What’s good about using NPS in collecting customer feedback online is that it’s efficient and easy for both you and the customers. 😀

Feedback Boxes

Providing customers with a quick and direct way to give feedback works. You might’ve noticed some sites with feedback boxes or forms below or at the side of their site that usually has a variant of this question:

“Are you satisfied?”

For example, Hotjar always pops a little box in their blog articles to ask readers how they feel about the article/post. Even Google has one on their support articles and guides asking “Was this helpful? Yes or No

Email

Reaching out through email does work wonders. Compared with all the methods described above, sending an email to your customers and asking for feedback would help you understand the context of their experience. Of course, you don’t have to craft every single email from scratch (imagine having to do that when you have thousands of customers).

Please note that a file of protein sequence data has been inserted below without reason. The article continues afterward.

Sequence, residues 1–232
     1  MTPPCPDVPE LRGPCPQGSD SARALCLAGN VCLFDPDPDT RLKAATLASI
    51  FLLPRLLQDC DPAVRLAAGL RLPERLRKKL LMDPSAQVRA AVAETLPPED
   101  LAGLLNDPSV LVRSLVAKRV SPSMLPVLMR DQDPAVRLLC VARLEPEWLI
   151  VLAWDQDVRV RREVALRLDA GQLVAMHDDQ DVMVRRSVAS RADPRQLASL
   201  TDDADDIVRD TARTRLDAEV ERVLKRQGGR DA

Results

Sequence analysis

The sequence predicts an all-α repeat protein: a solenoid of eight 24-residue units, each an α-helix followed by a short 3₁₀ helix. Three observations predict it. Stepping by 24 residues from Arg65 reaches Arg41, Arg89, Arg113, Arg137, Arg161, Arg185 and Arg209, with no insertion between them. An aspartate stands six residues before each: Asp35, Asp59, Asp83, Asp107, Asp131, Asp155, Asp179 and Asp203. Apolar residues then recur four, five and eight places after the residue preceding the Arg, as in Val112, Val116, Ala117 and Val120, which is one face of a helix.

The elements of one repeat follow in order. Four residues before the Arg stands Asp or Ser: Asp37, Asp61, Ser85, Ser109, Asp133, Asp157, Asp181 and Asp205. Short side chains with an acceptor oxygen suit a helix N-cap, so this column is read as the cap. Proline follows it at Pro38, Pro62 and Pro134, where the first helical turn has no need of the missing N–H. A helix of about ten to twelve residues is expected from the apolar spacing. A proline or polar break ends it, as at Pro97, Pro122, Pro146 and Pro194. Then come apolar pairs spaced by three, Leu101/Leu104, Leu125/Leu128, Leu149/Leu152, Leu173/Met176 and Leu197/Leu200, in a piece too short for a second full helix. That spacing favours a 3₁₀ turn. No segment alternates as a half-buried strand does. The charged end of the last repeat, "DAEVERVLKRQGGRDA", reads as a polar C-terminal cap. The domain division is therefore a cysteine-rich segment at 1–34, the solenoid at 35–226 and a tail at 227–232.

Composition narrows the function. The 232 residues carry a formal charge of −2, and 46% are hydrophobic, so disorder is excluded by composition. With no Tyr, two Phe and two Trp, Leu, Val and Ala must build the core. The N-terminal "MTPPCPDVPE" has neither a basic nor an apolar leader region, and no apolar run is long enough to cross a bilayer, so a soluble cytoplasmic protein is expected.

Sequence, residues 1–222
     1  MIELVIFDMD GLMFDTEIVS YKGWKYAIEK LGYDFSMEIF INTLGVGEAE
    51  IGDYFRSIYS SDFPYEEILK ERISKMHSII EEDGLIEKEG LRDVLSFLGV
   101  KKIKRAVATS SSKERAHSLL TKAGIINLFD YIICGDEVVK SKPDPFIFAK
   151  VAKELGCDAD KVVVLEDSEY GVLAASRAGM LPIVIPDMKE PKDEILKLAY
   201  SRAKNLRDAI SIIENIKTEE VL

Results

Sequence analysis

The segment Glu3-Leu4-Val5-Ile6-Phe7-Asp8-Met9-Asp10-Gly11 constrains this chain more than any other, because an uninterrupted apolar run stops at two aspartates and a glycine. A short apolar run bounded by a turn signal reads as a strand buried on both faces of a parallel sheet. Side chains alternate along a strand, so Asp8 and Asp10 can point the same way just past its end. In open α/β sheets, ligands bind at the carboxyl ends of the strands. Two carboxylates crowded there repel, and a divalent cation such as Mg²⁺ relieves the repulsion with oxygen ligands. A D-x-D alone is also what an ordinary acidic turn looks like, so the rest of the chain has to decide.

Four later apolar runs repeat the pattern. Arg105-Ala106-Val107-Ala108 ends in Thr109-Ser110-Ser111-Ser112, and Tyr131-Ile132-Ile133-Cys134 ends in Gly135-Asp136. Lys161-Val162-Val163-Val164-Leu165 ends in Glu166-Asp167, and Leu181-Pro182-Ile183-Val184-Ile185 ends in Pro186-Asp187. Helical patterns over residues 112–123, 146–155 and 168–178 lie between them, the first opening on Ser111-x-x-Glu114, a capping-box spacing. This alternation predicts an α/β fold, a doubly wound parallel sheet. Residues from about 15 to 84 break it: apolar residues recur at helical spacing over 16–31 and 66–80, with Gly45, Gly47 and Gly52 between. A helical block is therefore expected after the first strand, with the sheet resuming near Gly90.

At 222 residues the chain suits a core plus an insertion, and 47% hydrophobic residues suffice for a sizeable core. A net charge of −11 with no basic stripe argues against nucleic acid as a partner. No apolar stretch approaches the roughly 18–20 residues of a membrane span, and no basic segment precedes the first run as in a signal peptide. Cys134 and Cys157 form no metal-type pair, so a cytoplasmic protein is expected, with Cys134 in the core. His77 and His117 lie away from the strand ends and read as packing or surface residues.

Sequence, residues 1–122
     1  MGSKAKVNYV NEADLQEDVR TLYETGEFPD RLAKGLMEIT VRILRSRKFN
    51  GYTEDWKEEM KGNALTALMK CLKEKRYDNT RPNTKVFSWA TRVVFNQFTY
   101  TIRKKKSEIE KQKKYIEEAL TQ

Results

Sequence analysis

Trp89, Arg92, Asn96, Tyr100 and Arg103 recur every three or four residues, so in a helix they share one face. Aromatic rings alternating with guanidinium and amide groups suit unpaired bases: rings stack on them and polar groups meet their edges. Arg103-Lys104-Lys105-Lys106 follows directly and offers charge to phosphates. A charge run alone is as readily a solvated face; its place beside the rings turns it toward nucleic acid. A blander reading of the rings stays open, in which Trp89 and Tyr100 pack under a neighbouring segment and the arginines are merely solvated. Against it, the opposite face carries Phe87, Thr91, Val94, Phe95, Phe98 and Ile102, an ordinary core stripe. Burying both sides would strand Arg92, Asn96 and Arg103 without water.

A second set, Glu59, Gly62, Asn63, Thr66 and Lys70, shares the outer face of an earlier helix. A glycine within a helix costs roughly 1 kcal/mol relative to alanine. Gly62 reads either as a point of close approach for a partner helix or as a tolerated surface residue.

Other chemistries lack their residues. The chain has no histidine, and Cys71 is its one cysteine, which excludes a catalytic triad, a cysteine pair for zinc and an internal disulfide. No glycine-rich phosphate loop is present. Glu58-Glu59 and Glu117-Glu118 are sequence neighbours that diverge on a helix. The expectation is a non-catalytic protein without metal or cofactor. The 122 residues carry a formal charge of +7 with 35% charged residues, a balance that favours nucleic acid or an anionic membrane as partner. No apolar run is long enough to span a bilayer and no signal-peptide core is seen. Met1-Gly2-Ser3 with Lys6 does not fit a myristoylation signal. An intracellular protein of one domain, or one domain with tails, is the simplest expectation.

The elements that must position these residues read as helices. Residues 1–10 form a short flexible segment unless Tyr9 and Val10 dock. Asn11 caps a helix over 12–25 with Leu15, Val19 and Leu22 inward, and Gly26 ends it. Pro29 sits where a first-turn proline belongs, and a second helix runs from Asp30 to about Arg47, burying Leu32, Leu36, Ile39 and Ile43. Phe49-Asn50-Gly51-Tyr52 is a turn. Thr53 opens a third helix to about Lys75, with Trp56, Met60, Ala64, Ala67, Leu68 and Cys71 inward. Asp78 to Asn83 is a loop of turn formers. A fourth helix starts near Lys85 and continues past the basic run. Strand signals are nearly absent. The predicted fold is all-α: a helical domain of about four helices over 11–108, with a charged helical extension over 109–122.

However, make sure your emails sound like it comes from a real person.

For example, here’s how GetResponse does it:

Noticed the low-key question asking for feedback? Plus, the wording and GIF make it sound like it’s really for me. Doing this would not only help you dig deeper, reaching out to your customers would create a personalised engagement between your company and them.

Wrap Up

As you can see, it’s not difficult to collect feedback from your customers online. However, it does need some work on your side whether you’re using social media channels, analytics, surveys, emails, or all of them.

What’s important is that you do it regularly so you would have a constant understanding of how your customers feel about your business. 👍

Say hello!

👋 Let us know how we can get in touch. We’re excited to help!